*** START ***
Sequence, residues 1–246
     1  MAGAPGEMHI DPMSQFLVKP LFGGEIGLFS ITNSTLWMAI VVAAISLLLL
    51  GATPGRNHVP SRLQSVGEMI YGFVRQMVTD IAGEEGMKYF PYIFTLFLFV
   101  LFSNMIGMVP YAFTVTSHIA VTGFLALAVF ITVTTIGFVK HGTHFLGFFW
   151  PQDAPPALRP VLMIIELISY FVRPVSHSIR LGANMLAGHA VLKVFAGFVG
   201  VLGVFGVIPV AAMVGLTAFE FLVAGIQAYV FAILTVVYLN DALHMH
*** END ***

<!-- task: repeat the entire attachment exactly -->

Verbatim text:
Sequence, residues 1–246
     1  MAGAPGEMHI DPMSQFLVKP LFGGEIGLFS ITNSTLWMAI VVAAISLLLL
    51  GATPGRNHVP SRLQSVGEMI YGFVRQMVTD IAGEEGMKYF PYIFTLFLFV
   101  LFSNMIGMVP YAFTVTSHIA VTGFLALAVF ITVTTIGFVK HGTHFLGFFW
   151  PQDAPPALRP VLMIIELISY FVRPVSHSIR LGANMLAGHA VLKVFAGFVG
   201  VLGVFGVIPV AAMVGLTAFE FLVAGIQAYV FAILTVVYLN DALHMH